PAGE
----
By C. Rae Hozer
It was disappointing to find none of the Wine and Roses weigela shrubs I fondly remembered from the April 2005 installation of the Tree and Shrub Garden when I came to capture photographs of purple foliage plants at Discovery Gardens/UT Gardens-Crossville on the grounds of the University of Tennessee Plateau Research and Education Center this summer. I did find a Weigela florida "Elvera" Midnight Wine, a dwarf weigela that was not in the original plot plan for that Master Gardener (MG) theme garden. It must have been added later.
This compact specimen has the same arching-branch form as larger weigela shrubs. Midnight Wine grows slowly and tops out between foot and two feet tall with an equal spread. The dark burgundy leaves on this cultivar turn a deep purple in fall as do those of W. florida "Alexandra" Wine and Roses. The foliage is a tip off that this cultivar was hybridized by Herman Geers, the same European plantsman who developed Wine and Roses.
A design note for readers considering this selection for their home landscape: in my opinion, that solitary Midnight Wine bush looks too small standing in a planted area where the standard-sized shrubs around it have been eight years in place and are nearing maturity. A mass grouping of three to five, placement in a container that subtly makes a statement like a footed stone urn or small-space surroundings as in a rock garden would be options that better feature this lovely miniature.
If you are seeking colorful foliage at UT Gardens-Crossville wander just a stone’s throw from the Tree and Shrub bed to Mary’s Garden (installed in 2012), which boasts lots of shrubs with purple leaves including three W. florida "Bokrashine" Shining Sensation. These shrubs are slightly larger (five to six feet tall by three to four feet wide when mature) than Wine and Roses (at maturity four to five feet in height with a spread of three to four feet) but have the same shiny, purplish-burgundy hued foliage. Wine and Roses (hardiness range zones 5a to 9b) is a bit less cold hardy but should tolerate heat better than either Midnight Wine or Shining Sensation (hardiness range zones 4a to 8b). All three plants have deep-pink tubular flowers which attract hummingbirds. Their blooms first appear in late-spring or in early-summer (depending on the cultivar) and all can be expected to flower again later in the season. Like most weigela they are easy to grow given a location with average, well-drained soil and full sun. (Sunlight affects both flowering and depth of foliage color.)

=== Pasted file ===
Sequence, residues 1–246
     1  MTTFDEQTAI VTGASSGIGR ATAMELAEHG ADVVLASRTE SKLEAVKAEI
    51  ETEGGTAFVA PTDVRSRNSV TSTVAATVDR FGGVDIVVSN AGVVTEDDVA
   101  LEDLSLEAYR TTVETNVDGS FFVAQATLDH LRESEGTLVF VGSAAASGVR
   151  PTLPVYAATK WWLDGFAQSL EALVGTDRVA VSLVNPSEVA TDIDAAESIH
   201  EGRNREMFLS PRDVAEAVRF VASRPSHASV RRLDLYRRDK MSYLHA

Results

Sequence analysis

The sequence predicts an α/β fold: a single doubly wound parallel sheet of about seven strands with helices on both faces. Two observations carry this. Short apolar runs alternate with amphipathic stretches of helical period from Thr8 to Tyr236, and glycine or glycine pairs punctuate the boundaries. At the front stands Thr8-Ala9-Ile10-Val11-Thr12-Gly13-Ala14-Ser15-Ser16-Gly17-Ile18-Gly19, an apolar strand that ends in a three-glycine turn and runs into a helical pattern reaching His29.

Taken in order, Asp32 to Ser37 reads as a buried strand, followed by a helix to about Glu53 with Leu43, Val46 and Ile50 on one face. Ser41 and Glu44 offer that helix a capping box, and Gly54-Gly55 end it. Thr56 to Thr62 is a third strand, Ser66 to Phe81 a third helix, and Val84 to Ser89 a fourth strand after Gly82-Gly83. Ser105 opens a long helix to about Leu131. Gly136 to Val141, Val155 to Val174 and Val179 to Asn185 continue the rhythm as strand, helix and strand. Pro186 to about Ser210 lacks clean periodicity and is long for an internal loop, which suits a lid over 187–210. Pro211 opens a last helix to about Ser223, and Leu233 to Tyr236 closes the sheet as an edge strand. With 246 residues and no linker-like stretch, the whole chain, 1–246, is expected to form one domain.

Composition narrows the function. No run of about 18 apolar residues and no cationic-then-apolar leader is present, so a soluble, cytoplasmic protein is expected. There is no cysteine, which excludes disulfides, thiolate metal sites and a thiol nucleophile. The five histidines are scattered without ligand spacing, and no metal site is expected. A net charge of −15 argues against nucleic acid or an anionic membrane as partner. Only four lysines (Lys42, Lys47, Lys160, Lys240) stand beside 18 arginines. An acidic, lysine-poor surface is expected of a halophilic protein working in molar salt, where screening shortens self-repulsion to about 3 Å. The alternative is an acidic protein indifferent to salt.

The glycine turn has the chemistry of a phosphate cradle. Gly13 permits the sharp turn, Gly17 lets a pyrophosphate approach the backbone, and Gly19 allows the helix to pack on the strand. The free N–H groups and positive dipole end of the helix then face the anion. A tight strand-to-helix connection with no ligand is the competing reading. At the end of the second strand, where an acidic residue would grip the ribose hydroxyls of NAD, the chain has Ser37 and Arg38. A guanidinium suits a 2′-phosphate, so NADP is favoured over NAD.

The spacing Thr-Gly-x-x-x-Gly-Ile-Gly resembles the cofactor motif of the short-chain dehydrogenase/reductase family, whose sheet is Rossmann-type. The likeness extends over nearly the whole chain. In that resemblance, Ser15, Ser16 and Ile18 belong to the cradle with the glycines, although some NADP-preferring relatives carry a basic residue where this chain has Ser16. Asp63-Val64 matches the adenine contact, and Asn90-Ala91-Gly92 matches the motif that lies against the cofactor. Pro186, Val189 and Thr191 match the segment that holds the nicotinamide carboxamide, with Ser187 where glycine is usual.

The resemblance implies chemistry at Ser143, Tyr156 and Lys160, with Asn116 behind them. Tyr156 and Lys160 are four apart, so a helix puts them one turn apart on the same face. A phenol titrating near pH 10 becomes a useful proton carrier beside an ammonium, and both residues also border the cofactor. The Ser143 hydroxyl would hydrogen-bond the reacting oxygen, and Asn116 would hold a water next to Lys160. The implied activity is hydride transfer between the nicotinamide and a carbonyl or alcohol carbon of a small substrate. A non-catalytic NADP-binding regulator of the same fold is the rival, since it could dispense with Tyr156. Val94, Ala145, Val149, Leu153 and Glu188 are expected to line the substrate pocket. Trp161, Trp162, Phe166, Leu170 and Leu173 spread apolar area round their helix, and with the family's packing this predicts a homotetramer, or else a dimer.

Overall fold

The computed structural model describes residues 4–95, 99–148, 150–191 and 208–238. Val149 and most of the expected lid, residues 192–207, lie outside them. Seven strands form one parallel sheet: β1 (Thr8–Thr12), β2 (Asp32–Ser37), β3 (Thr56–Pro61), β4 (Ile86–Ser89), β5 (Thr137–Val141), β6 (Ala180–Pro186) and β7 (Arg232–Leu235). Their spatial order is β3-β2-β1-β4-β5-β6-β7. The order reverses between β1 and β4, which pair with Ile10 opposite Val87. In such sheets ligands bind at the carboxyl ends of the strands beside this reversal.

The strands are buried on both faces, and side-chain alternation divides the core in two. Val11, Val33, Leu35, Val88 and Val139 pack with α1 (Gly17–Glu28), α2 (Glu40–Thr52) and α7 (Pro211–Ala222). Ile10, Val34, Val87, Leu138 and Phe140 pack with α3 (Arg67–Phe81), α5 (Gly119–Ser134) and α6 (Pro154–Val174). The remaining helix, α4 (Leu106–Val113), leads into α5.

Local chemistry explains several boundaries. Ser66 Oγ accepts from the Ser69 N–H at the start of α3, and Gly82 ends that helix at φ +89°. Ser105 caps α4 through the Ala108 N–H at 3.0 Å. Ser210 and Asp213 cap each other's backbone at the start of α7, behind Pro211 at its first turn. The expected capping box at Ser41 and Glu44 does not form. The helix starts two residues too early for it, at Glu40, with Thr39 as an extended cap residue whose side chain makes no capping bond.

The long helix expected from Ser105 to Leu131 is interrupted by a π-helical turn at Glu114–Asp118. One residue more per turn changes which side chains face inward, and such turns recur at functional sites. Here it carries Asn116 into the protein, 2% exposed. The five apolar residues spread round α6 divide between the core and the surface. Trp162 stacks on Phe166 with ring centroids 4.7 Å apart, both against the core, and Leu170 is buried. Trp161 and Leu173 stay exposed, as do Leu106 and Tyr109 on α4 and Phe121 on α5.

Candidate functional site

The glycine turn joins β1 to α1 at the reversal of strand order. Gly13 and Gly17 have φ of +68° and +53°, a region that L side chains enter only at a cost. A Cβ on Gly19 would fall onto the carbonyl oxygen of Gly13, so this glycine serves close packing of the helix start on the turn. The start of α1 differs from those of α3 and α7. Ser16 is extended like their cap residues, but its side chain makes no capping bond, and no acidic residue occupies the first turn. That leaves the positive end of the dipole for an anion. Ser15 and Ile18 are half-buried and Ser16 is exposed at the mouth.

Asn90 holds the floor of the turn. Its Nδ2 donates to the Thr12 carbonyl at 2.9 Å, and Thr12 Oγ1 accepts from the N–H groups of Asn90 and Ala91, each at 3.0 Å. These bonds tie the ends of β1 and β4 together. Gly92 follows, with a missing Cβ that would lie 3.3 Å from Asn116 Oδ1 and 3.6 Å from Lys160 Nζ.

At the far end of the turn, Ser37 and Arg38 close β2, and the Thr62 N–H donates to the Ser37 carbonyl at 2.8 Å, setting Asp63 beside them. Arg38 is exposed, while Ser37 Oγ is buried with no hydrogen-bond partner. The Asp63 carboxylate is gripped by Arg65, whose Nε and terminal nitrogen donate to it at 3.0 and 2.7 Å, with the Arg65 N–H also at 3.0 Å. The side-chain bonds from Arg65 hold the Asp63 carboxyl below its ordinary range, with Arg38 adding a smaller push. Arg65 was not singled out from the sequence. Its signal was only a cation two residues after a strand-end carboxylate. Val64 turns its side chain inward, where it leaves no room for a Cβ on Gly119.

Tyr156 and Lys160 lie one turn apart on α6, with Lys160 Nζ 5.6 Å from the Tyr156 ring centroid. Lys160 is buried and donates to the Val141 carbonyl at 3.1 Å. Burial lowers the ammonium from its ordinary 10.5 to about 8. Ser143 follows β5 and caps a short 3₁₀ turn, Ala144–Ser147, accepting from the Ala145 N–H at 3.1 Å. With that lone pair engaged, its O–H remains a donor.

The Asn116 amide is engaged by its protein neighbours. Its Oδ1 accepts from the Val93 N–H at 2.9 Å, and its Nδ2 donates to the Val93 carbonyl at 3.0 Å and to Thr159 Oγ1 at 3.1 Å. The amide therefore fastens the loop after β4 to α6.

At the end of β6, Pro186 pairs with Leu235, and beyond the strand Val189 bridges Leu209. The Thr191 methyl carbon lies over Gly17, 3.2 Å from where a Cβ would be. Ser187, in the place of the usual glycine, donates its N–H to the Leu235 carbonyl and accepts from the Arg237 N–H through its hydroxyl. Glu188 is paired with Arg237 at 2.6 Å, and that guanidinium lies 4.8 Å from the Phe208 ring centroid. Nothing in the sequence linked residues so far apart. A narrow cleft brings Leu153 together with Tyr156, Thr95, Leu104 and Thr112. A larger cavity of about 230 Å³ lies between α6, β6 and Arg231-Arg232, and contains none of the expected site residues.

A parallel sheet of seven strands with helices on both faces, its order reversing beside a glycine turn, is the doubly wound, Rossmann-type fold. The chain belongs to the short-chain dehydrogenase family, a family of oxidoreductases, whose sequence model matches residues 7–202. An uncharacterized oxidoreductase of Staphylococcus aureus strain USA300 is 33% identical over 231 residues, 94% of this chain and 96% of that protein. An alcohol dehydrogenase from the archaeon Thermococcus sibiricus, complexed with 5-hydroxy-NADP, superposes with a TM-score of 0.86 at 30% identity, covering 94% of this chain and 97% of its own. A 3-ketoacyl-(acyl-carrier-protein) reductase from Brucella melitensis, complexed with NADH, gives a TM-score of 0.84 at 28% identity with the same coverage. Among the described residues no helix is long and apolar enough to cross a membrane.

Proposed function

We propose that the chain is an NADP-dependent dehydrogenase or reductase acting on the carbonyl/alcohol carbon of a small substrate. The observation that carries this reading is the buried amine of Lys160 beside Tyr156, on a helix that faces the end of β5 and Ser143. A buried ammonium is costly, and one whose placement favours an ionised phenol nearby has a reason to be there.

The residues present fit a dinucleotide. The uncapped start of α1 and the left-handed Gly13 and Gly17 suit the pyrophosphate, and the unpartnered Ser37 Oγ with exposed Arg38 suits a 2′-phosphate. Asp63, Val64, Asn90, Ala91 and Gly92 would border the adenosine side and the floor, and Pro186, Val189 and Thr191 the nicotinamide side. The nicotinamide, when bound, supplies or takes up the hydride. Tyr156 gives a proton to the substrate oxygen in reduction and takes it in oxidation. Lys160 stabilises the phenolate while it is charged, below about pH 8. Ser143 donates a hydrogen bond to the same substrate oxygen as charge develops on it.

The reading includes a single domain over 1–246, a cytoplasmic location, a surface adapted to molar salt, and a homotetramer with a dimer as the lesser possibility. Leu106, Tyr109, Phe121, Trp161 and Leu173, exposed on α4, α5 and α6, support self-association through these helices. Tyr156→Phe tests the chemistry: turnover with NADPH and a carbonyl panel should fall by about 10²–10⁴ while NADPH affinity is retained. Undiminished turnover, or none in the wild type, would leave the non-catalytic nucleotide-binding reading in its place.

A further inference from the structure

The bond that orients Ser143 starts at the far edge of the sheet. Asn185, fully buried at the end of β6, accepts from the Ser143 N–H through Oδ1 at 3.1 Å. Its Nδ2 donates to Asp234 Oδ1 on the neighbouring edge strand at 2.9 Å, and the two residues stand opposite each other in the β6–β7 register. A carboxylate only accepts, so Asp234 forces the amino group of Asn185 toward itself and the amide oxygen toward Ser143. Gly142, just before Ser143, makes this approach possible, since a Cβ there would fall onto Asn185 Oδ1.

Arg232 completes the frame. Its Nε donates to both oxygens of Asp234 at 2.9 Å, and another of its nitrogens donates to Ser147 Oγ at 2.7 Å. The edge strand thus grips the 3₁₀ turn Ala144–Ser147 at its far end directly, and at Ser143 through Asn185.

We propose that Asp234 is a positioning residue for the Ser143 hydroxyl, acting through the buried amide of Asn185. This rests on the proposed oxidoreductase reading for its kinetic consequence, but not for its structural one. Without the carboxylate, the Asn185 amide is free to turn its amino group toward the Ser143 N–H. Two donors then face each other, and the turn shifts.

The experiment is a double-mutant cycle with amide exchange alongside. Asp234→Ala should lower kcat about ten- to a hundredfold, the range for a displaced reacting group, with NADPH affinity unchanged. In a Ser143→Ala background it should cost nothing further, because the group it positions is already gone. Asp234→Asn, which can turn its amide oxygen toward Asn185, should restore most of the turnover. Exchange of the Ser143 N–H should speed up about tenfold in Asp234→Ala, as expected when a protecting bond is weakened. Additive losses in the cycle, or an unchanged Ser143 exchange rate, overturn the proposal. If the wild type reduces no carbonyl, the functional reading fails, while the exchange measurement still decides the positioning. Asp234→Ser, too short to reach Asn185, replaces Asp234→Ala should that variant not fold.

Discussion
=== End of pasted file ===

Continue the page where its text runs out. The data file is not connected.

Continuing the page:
When I asked readers to contact me, one of the first emails was from my neighbor. He grows a sibling of Wine and Roses that is slightly smaller (height two to four feet with a spread of three to four feet) with a more rounded form- W. florida "Bramwell" Fine Wine. His son Tim Wood is the plant breeder who developed the Fine Wine cultivar and named it after his Dad, whose middle name is Bramwell. Any plant-lover can relate to how exciting and what an honor that was.
Master Gardener Beth has a probable explanation for the absence of the Wine and Roses planted in 2005 — the crazy weather of 2007. Summer-like heat started in late winter (February 2007) and lasted into early April. Outdoor plants were in an advanced stage of development caused by the warmth, which made them especially vulnerable to harm. Then came a hard freeze that lasted for days. An extended drought followed, which was the kiss of death for many freeze-damaged trees and shrubs. Unlike the Crossville MG classes of 2005 and 2006, the 2007 MG graduates didn’t plant a new theme garden at Discovery Gardens. Instead they worked damage control, removing plants that died and irrigating to prevent the loss of others.
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Plateau Gardening is written by Master Gardeners for gardeners in Tennessee’s Upper Cumberland Region. Contact UT Extension Cumberland County at P.O. Box 483, Crossville, TN 38557 (484-6743) for answers to horticulture questions, free publications and how to become a Master Gardener. Send email comments or yard and garden inquiries to Master Gardener Rae, MGardenerRae@frontiernet.net.